In 2015, five years after the start of the Copernicus Science Centre, the time came to make some changes, i.e. extensive Modernisation works inspired by your expectations and our desire to improve. On the Move, which was among the most frequently visited exhibitions in our centre, was also the first exhibition to undergo refinement. The new On the Move exhibition in its modernised form has been open since March 2016.
Excellent precision, optimal conditions for experimentation
The interactive exhibits that you will see in the new On the Move exhibition will amaze you with their precision and give you the opportunity to experiment more freely. Some of them were built independently in our workshop. Certain existing exhibits were refurbished and brought up-to-date. Others were bought from the best designers in the world. The new On the Move exhibits are easier to use and more intuitive.
The new gallery provides more opportunities for visitors to conduct hands-on experiments and draw their own conclusions – perhaps even discovering more than the designers have anticipated. We created a space where everyone can make discoveries. We kept the use of multimedia to a minimum,
since we feel that constant exposure to electronic stimuli is causing people to start to miss real experiences. It is rare that we stop to admire the beauty of nature and ponder the workings of natural phenomena. Our exhibits speak for themselves. They allow our visitors to search, scrutinise and sometimes make mistakes – and genuinely experience the principles of the natural world.
We are striving to improve not just individual exhibits but also the logical structure of the entire space. The new On the Move area was divided into three thematic groups. They gather exhibits that present a given phenomenon from many sides, which helps combine various themes and is conducive to better remembering and understanding complex phenomena. For example, finding common denominator for water waves, sound waves, light waves and even Mexican waves (created by audiences at sports events) is not easy. However, by conducting dozens of experiments, you can see different examples and begin to understand the phenomenon on a more complex level – something which is impossible to achieve by simply reading textbook definitions.
“We are not fond of traditional divisions into maths, physics, the humanities and so on. While many people learn quickly by repetition, we do get very bored when, for instance, we have to write out the same thing a hundred times. Each of our exhibits provides new stimuli while also invoking things visitors learned at an earlier experimental station,” says Anna Lipińska, Director of Exhibitions. “And we don’t think it’s possible to highlight each and every aspect of a specific phenomenon in a single exhibit.”
The method of grouping exhibits will be implemented gradually for all our exhibitions.
Previously, the exhibits were more massive and brightly coloured; now they are all lighter and encased in plywood with elements of steel, glass and Plexiglas. The author of the concept is Emilia Walędzik, designer of the entire gallery. “We wanted the exhibition to calm down so that the visitors can focus on the content, rather than form, of the exhibit. Hence the minimum number of materials. Those materials we did use are familiar and tactile, rather than modern and surprising. There are already enough stimuli.” explains the designer. “We didn’t want the exhibition to look like a playground or a school physics lab.”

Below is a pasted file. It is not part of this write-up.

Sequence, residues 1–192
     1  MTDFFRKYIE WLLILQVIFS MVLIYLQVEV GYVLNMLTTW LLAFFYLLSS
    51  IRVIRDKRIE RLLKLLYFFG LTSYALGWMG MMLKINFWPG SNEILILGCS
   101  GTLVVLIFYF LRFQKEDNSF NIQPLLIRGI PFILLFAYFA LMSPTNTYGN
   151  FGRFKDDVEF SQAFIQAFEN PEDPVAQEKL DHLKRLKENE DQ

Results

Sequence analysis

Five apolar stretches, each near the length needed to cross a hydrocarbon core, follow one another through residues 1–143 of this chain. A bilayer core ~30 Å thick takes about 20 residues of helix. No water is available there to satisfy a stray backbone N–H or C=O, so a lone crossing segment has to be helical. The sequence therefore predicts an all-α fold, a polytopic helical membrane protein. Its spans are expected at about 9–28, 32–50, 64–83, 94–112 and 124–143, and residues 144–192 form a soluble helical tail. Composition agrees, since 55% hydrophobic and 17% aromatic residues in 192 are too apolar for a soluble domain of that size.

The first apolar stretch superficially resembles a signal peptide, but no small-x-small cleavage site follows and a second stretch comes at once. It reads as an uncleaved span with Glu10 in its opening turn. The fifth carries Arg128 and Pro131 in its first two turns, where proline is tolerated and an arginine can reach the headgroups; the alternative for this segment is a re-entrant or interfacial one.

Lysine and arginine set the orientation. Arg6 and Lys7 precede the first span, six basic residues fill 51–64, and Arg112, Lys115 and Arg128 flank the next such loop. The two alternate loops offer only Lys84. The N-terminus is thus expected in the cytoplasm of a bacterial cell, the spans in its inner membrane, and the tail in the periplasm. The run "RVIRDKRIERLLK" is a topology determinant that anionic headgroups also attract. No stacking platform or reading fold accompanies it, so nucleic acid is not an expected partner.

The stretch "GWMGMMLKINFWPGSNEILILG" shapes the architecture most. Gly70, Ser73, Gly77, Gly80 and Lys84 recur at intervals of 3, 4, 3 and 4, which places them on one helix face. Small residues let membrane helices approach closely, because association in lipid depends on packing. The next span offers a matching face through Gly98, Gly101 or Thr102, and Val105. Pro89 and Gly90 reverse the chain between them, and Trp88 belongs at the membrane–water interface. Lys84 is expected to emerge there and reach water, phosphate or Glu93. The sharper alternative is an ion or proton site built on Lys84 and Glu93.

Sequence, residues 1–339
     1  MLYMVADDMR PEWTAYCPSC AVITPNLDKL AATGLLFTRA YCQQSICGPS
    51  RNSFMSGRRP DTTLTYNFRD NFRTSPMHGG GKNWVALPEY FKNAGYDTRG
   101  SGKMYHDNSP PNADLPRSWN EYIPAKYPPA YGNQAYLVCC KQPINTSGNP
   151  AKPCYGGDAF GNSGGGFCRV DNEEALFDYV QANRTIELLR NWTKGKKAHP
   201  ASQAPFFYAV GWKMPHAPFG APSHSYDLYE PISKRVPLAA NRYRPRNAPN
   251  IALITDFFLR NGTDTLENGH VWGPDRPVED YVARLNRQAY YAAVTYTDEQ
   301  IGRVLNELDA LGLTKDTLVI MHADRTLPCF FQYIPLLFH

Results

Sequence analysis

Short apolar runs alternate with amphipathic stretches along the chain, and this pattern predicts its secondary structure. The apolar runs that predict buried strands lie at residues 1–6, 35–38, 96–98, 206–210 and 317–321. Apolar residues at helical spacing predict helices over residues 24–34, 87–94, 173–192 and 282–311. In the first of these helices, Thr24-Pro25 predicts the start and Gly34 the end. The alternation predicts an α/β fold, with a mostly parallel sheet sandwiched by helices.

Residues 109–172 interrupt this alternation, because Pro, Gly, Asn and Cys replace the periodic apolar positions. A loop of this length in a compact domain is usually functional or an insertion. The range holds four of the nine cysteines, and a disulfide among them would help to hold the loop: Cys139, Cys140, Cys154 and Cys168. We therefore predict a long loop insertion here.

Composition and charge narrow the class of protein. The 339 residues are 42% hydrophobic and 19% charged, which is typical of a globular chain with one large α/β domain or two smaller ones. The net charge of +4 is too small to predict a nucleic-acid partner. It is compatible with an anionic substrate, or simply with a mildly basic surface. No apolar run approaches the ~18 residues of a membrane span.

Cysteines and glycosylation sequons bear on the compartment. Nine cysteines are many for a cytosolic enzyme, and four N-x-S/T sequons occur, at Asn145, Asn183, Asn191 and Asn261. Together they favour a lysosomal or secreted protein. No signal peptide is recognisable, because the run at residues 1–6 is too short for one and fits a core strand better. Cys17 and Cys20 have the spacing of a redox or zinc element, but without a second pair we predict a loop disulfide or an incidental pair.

All levers and buttons are now yellow, making it easier to navigate each exhibit. The instructions were also updated to be more transparent, they start with an illustrated guide, followed by a description of each phenomenon.
Some exhibits are the same as in the previous exhibition, simply with a new casing – e.g. “Fountains in Glass”, which demonstrates acoustic vibrations, used to be bright green. Some had to be separated (e.g. Light and Sound and Mouth Radio, which were previously placed too close and interfered with one another). Others required technical modifications.
Much of the Copernicus building is light and airy. This means that galleries are very bright in spring and summer. However, certain exhibits need to be presented in the dark. Now, at the centre of the gallery, there is a blue pavilion resembling the distinctive shape of the Heavens of Copernicus Planetarium. The interior is shrouded in dusk and holds exhibits which need to be operated in darkness, such as the fog chamber, which is most striking when viewed in the dark.
“Before, when the gallery was filled with dazzling colours, it was difficult for visitors to work out which part of the exhibition they were at.” says Anna Lipińska, Director of Exhibitions. “The blue structure serves as an orientation point.”
Resting zones to help visitors recuperate
We created a resting zone in the exhibition space, where visitors can stop and take a break before carrying on. “We have been observing our guests and drawing conclusions.” stresses Anna Lipińska. “We noticed that visitors, especially younger children, like gathering in a designated space. Now they can sit down on benches or carpets in different shades of blue. They can take a breather or have a look at books from the library.”
First stage of the modernisation of the entire Copernicus exhibition space
We started the evolution of our exhibitions by modernising the new On the Move exhibition in 2015-2016. As a result of the changes carried out in 2018, the whole floor will be a single visually and thematically cohesive space devoted to man and nature.